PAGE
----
Imagine a life with no contact with your family, friends or colleagues for 12 hours a day – not just personal contact, but no social media, telephone calls, email or instant messaging. Imagine being on your own for 10-12 hours at a time in your house with no TV, no books to read, no internet, no games and no access to food. What kind of emotions would you experience? Boredom, loneliness, frustration, depression? How would you try and relieve those emotions? Would you find a comfy place to sleep? Would you sit and stare out the window? Would you pace up and down? Would you stand in the garden and yell to the neighbours, hoping for somebody to talk to? Would you develop some kind of nervous habit, like biting your nails?
Then imagine that as it gets dark, your family comes home. They walk in the door and you rush to greet them and express your joy and relief at their return. However, they don’t seem very happy to see you and in fact are quite annoyed by your enthusiasm. Within 5 minutes you are asked to wait outside or in a small room and are left to sit and stare in the window or listen at the door while they happily chat about their day, eat supper and watch TV. If you are lucky, they may come and see you for a few minutes, but then they are gone again, its bedtime and you will only see them for 5 minutes when they serve you breakfast in the morning before you are on your own once again.
Sounds absolutely awful, doesn’t it? Yet this is exactly the life which so many people force on their dogs. Dogs, like all mammals, are emotional beings. They experience anxiety, fear and terror, depression and frustration, pleasure, elation and relief. They are not appliances that you can ‘switch off” when you don’t have time for them. They are social animals that need social contact.
Regularly we are asked for ideas to help dogs cope in the absence of their owners – the most common reason is because dogs are barking or being disruptive in some other way when they are left alone. The first thing we always ascertain is whether this is a case of true separation related distress or a dog that is simply bored and unfulfilled. Many dogs that experience separation related distress are not left alone very often or for very long at all. The owner leaving for 5 minutes is enough to send them into a state of panic or depression. This is a horrible problem for owners and dogs, but it is something which can be alleviated and resolved with behaviour modification and in serious cases, medication. The far more common scenario is the dog that is left 10-12 hours a day with zero stimulation and is just bored out of his mind!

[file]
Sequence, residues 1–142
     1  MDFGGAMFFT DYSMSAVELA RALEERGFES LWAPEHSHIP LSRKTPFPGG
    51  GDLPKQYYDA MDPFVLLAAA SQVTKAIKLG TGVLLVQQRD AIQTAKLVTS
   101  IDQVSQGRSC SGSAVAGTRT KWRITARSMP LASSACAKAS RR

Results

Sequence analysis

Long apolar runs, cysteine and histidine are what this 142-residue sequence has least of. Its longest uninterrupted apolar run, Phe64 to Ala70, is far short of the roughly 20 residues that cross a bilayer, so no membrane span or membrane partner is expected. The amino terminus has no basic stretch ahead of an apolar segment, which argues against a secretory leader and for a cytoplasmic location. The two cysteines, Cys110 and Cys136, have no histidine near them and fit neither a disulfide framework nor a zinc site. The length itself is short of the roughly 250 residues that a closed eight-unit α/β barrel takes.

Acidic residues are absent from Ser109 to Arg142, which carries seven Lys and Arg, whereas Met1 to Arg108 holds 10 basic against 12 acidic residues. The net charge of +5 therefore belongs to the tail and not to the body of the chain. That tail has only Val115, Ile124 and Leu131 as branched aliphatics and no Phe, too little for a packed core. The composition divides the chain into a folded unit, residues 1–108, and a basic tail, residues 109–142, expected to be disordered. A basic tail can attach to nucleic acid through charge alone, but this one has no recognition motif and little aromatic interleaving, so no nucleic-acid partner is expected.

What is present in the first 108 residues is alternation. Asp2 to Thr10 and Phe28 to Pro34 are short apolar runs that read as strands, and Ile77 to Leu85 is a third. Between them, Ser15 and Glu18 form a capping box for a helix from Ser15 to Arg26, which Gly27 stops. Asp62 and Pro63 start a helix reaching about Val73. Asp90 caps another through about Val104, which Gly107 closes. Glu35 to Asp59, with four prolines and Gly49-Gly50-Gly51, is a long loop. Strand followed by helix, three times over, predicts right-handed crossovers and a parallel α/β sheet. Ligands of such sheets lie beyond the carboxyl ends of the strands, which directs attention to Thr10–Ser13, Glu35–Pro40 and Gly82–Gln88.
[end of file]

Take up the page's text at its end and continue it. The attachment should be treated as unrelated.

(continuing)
I am not sure when people started to think it acceptable to get dogs and leave them alone for such long hours on a daily basis. The fact is that it is simply NOT acceptable. No amount of medication or training is going to “fix” a bored, unfulfilled dog. What is more, people who work these hours seldom have time for walks, training, play or interaction with the dog when they are home, so the dog essentially has no life. Even providing occupational toys like Kongs, scatter feeding or a sand-pit for the dog to dig in is unlikely to alleviate that boredom for more than 20-30 minutes. That’s a very small percentage of 12 hours! What is the dog supposed to do the rest of the time?
To try and explain why this kind of life for a dog simply “sucks” (for lack of a better term!), an “hedonic budget” is useful. Hedonia is a state of pleasure or happiness, so a hedonic budget is a chart which reflects daily activities that contribute to a sense of wellbeing. The chart divides up the dog’s day according to the time spent on various activities. We can use two of these to show a comparison of the daily chart for a bored and lonely dog and a fulfilled happy dog. Obviously, different breeds or types of dogs will spend more time on various activities depending on what is particularly rewarding for them (what we bred them to do), but you can get a general idea from the charts below:
While we can try and increase some of the activities that are so limited in the second chart, the fact is that when people are gone 12 hours a day they will never be able to provide enough stimulation in their absence to create a healthy situation – unless they are willing to employ a full-time carer and hire a dog walker. This kind of situation will result in an unhappy dog and it is totally selfish and unfair to expect a dog to live this way.
We often have enquiries for training for teenage dogs (the age where behaviour problems start becoming a bit more obvious) where the request is for training sessions to be scheduled after 7pm or on Sundays. People indicate that their only availability is at these times as they are at work the rest of the time. I always want to ask, “So where’s your dog all this time? When do you spend time with your dog? When do you take your dog out? When last did your dog actually get a walk or any quality time with you?” Spending one hour a week in a training class is not going to solve the underlying problem for a neglected dog (I know that sounds rough, but it is in fact emotional, behavioural and social neglect). We do not have magic wands – if you are not in a position to meet your dog’s needs we cannot help you. Please don’t put a dog in this situation.
One last word on this: Dogs are very unique animals in that they have evolved to have a strong affinity and attachment to humans, even more so than their own kind. Most dogs will choose to be around the humans in the family over the other dogs in the family. For this reason, getting another dog often will NOT solve the problem. You will likely just end up with two very bored and lonely dogs.